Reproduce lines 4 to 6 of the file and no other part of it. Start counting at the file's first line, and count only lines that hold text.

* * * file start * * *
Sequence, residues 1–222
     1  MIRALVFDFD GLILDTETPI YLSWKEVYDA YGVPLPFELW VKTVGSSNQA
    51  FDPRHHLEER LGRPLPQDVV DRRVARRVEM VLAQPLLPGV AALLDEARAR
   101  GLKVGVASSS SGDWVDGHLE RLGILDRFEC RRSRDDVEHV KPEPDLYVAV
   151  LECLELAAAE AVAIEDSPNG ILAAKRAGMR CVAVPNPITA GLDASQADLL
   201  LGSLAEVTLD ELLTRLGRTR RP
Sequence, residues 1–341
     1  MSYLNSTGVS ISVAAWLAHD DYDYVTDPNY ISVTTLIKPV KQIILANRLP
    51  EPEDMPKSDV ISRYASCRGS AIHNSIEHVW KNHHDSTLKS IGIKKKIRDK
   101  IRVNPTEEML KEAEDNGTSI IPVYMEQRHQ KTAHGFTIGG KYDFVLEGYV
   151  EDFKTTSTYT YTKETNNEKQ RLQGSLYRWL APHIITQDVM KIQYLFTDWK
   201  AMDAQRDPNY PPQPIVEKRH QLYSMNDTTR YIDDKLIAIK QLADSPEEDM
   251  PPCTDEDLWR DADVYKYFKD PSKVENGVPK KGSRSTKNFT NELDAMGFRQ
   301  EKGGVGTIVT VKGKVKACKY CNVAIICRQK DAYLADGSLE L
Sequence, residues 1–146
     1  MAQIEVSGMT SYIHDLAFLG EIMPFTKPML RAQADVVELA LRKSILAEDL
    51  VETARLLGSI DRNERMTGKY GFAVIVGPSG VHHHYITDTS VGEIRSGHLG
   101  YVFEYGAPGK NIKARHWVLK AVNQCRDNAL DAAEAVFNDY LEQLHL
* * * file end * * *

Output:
   101  GLKVGVASSS SGDWVDGHLE RLGILDRFEC RRSRDDVEHV KPEPDLYVAV
   151  LECLELAAAE AVAIEDSPNG ILAAKRAGMR CVAVPNPITA GLDASQADLL
   201  LGSLAEVTLD ELLTRLGRTR RP